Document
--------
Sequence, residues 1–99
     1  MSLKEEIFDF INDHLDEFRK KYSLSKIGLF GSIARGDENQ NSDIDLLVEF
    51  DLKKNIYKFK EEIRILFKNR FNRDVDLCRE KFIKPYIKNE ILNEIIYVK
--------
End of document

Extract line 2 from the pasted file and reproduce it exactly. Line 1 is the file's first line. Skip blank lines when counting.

     1  MSLKEEIFDF INDHLDEFRK KYSLSKIGLF GSIARGDENQ NSDIDLLVEF